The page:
Thursday, December 11, 2008

Eames, the Eames, and Herman Miller

We recently had the privilege of hanging out with Eames Demetrious, grandson of legendary designers Charles and Ray Eames. For those who don’t know, The Eames’s changed the world through their designs. It’s almost guaranteed that everyone in the modern world has encountered an Eames design at some point in his or her life.

Eames Demetrious, head of Eames Office and an artist in his own right, was stopping through Jakarta in conjunction with the launch of the new book 100 Quotes by Charles Eames and an exhibit of his grandfather’s photographs. Herman Miller, producer of the Eames furniture, organized the exhibition at O House Gallery. We were very excited to see the selection of photographs in person, and be able to talk with Eames about his personal connection with them. One image that we particularly liked was a self-portrait of Charles and Ray’s reflection in the window of their case study house.

Eames ended his visit with a lecture at Aksara bookstore in Kemang. A small but dedicated crowd turned out to meet him and learn first hand about the history behind the family and business. He told great stories about visiting his grandparent’s house as a child, his first camera (given to him by Charles), and Charles’s friendship with designer, Eero Saarinen. Even though Eames was there as an ambassador of the Eames Office and Herman Miller, we had a chance to speak with him privately about his own work as an artist and film maker. You can check out more about his various projects here and his parallel universe here.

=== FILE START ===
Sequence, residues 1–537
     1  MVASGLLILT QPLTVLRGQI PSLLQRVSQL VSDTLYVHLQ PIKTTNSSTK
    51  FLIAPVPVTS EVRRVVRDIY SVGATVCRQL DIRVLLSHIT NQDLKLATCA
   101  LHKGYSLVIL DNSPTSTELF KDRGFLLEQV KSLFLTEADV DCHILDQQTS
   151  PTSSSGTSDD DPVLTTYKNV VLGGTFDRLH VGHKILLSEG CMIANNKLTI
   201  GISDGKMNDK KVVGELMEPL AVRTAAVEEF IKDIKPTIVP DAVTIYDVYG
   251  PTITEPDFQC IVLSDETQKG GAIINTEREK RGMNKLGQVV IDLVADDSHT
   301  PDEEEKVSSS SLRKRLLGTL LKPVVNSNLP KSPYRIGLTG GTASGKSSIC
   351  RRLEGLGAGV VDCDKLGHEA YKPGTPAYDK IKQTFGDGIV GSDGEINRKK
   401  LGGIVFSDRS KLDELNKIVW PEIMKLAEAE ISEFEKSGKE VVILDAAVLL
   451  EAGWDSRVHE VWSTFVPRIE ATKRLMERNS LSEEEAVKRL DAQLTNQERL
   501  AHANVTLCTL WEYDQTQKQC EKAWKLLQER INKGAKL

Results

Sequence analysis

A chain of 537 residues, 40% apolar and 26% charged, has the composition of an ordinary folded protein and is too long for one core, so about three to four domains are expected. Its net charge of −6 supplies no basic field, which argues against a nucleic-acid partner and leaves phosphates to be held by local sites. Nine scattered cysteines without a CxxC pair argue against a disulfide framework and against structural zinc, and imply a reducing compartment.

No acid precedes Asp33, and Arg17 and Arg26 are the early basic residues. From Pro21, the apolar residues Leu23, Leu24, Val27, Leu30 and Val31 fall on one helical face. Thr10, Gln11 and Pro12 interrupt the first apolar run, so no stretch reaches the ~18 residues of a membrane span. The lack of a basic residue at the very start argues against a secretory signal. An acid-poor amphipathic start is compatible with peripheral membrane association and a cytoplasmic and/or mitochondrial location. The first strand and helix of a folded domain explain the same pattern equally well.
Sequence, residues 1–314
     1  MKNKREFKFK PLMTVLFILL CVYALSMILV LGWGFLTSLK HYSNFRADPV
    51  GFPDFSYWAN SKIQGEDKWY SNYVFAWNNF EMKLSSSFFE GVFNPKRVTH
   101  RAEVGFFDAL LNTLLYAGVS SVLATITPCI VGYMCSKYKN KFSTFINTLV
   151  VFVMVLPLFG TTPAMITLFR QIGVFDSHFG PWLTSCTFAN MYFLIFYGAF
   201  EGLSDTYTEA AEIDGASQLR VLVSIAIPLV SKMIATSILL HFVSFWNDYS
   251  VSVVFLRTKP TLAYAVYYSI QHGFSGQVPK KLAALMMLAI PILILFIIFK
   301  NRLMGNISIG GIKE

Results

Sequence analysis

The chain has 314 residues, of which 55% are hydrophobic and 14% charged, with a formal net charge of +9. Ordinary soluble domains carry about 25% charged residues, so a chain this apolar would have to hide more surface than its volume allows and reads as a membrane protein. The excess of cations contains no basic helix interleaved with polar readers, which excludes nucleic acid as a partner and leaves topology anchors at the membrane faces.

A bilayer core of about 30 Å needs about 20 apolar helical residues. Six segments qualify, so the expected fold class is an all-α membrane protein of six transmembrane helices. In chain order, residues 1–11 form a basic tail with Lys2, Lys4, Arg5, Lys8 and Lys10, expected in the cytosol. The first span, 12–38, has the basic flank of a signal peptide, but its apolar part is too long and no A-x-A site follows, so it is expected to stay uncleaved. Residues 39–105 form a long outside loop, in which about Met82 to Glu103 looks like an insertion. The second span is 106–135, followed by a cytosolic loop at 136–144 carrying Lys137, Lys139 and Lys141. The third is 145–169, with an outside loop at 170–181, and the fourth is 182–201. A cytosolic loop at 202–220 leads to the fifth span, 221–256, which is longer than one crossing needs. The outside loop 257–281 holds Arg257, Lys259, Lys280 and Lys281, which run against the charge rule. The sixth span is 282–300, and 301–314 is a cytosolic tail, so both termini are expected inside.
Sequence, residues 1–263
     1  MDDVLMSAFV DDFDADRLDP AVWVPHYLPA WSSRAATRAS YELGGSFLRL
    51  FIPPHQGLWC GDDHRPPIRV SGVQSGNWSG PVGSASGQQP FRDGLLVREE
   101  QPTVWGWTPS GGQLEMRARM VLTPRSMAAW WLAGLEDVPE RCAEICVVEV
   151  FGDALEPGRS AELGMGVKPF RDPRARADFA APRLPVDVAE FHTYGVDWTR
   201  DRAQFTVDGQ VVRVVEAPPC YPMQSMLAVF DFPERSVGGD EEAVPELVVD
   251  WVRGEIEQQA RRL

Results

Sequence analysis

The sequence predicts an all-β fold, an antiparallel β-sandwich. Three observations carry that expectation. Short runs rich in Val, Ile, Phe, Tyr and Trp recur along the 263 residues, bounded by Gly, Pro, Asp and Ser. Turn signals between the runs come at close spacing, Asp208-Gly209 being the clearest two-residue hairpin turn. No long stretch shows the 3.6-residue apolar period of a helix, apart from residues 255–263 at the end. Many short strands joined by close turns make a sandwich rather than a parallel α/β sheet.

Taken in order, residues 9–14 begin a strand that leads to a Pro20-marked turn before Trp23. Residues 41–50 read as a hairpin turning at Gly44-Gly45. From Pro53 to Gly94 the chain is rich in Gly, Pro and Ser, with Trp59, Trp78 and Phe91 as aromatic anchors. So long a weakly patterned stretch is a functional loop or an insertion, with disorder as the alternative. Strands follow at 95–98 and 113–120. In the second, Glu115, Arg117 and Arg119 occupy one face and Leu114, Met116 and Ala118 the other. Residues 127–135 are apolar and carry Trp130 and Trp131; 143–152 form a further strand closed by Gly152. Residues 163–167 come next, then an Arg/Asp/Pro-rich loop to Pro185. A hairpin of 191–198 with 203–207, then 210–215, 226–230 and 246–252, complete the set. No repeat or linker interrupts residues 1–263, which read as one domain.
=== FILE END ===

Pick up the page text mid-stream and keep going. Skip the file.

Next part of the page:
Eames speaking at the exhibition opening

Our favorite quote from Charles Eames

Herman Miller asked us to show our chair in the exhibition

Self portrait of Charles and Ray

At Aksara

Indoneisan Architect, Han Awal

Eames signing a photo of Han Awal's son with the House of Cards


Wednesday, October 29, 2008

C+C Projects: Nike Sportswear Launch Jakarta

In August we worked along side Future 10 Productions to launch the new Nike Sportswear line in Jakarta. This was part of a global launch to coincide with the Beijing Olympics, in which countries all over the world held locally organized events. Aside from collaborating with Future 10 on the creative concept, we curated a video art exhibition, worked with designer, Leo Theosabrata on the exhibition space and developed a limited edition set of flip books. The video exhibition featured 8 Indonesian artists/ art groups who created new works inspired Nike's 8 icon products. Each of the videos stood out with the artist's unique style, and were an amazing contribution to the show.